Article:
Many newsworthy events happened fifty years ago. But one of them has
been talked about more then the others. This will be the topic of Shirl and You. Before we get to this most-talked about subject, let’s take a quick look at some of the others.
Fifty years ago Buffalo Wings were invented at the Anchor Bar in Buffalo, New York and the
Hess Toy truck was first released then and cost $1.29. The surgeon General’s report issued a “Smoking May Be Harmful” warning.
There’s more! Ford Mustang was introduced and was Ford’s most successful launch since the Model A. Flat screen television was invented then and
the eight track cartridge was popular until the 1980’s when compact cassettes took over. The first photos of the moon’s surface were taken, 50 years ago, by a spacecraft.
The Addams Family, The Munsters and G. I. Joe are fifty years old as are the new Hampshire state lottery, the first synthesizer, The Moog, and the wrinkle-free clothes treatment we all appreciate, Permanent Press.
All of these are well and good, but the most talked about happening was
the arrival of The Beatles, not the tiny beetle that is devouring our evergreen trees here in America. No, it, is the one-of-a-kind band that actually transformed American music. The Beatles arrived here in the U.S., February 7, 1964.
It wasn’t the news coverage being given on what’s left of the band today that got me thinking about using them as a Shirl and You subject. It was at a theater organ concert we recently attended where the organist played four of their songs, “Michelle,” “Yesterday,” “Maxwell’s Silver Hammer,” and “When I’m 64.” Listening to these beautiful renditions on the organ brought back memories of refusing to let our children listen to the four “moptop” teen idols that were sweeping our country with “way out music”, and also their talk of peace, love and their fight against the Vietnam war. What really got many people upset was the statement made by John Lennon that they were more popular than Jesus.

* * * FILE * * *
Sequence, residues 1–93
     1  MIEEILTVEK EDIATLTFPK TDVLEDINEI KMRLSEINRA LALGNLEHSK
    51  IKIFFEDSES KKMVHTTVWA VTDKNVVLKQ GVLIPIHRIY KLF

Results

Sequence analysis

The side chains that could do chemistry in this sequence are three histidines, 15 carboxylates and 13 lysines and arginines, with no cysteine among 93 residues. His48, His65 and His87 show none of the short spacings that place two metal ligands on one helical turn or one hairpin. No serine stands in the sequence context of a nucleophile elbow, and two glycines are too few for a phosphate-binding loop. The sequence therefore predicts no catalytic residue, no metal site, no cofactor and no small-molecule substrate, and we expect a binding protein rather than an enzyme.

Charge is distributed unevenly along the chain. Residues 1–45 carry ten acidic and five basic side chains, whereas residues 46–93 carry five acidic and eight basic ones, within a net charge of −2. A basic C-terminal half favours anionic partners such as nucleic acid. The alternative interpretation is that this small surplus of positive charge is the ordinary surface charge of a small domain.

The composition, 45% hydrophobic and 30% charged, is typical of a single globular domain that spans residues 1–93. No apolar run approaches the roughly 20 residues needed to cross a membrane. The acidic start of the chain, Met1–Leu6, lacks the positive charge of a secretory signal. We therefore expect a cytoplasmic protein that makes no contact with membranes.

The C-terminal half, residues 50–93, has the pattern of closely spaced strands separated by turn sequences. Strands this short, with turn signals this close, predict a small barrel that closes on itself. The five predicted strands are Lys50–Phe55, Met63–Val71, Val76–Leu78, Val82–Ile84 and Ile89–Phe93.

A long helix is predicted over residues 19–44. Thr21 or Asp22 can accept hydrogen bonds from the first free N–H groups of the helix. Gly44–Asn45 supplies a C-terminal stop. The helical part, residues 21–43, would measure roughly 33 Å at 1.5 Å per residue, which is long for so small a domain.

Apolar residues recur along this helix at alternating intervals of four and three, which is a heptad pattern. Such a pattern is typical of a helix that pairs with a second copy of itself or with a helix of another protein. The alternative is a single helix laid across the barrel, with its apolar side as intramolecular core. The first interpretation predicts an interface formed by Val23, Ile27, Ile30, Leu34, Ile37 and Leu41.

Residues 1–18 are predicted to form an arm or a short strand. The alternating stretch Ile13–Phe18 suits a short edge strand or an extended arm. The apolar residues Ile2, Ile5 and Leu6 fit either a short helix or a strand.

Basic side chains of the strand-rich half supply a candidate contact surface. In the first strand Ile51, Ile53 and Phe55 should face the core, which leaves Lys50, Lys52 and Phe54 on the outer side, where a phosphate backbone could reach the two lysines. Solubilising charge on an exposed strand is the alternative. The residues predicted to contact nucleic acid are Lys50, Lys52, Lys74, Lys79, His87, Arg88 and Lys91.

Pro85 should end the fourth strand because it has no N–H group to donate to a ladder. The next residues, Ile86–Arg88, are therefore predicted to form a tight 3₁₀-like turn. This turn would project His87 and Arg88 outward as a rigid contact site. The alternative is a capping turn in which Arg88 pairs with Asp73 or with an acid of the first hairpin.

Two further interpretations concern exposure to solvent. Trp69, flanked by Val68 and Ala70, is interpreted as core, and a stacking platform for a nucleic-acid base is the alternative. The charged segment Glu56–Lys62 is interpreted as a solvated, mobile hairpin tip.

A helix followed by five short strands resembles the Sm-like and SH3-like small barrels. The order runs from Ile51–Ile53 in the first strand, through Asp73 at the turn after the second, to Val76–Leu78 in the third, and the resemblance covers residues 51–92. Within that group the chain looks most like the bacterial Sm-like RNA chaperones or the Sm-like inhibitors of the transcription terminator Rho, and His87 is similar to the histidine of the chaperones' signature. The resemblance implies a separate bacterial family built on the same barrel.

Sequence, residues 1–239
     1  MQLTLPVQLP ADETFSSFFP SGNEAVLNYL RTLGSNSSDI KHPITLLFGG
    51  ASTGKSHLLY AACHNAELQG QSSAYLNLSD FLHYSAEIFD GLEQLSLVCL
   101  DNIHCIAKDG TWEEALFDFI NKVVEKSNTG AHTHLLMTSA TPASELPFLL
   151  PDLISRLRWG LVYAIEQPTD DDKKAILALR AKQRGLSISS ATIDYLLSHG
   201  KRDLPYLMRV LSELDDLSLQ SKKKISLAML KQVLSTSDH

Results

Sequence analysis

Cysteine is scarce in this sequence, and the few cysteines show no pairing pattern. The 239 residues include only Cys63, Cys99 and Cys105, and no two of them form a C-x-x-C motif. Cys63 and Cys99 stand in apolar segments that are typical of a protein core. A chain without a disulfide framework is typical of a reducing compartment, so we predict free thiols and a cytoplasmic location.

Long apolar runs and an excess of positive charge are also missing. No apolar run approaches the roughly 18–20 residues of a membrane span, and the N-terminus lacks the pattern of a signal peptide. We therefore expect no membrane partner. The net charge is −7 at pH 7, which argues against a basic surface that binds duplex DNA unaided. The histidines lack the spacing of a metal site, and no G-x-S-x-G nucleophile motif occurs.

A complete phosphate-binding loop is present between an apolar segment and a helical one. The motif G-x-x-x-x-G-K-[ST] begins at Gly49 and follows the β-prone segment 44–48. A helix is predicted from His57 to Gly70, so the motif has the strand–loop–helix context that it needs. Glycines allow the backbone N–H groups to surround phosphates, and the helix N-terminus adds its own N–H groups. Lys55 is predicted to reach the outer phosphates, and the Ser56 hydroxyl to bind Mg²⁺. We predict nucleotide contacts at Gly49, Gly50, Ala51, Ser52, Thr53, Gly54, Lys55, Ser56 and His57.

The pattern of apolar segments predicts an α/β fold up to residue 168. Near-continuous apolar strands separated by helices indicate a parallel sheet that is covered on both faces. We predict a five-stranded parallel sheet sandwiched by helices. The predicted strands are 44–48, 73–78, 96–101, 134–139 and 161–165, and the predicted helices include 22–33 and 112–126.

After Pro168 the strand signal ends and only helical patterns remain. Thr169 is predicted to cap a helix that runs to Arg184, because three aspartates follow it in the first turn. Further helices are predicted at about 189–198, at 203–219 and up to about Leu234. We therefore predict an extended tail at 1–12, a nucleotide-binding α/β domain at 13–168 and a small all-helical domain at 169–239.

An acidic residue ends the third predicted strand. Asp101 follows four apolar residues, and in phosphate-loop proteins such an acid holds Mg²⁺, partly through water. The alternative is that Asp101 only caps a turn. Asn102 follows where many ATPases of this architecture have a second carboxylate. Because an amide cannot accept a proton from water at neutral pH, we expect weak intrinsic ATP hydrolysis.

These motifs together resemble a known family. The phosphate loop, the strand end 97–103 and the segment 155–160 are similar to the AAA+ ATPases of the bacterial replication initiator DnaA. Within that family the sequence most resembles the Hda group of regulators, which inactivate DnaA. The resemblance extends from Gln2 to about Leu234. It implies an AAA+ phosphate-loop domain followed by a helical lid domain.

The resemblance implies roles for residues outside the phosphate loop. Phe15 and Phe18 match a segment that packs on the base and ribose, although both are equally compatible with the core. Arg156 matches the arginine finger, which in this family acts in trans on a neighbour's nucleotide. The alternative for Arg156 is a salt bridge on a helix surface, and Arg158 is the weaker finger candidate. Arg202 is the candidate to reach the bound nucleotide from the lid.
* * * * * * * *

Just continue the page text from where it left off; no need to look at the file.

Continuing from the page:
To digress a bit here, my husband and I recently met a couple of musicians, at the RV Park, where we reside for the winter months. He is a very accomplished fiddle player and his wife, a pianist. He gave Burl some tips on fiddling, something my husband wants to learn since receiving a violin for Christmas. It was interesting to hear how their daughters became very accomplished at fiddling, so much so that well-known groups wanted them to become part of their traveling bands. Although some may think this was a great opportunity for the girls, the mother wisely recommended that they not become a part of the entertainment business, and they soon saw it her way.
The entertainment business calls for hard living. And so it was with The Beatles. The two that are left, Paul McCartney and Ringo Starr are now near 70 years of age. John Lennon was shot and killed and George Harrison died of cancer, November 2001 at the age of 58. By 1970, the group was ready to disband, with some stepping out to do solo recordings. The Beatles had started their careers in Britain singing folk music, soon changing to rock and roll. Their long hair caught people off guard, many think their most popular song, “Yellow Submarine” promotes drugs. Long hair, rock and roll, drugs, some believe these traits may well have been instrumental in changing the world.
I would love to hear your comments on this Shirl And You.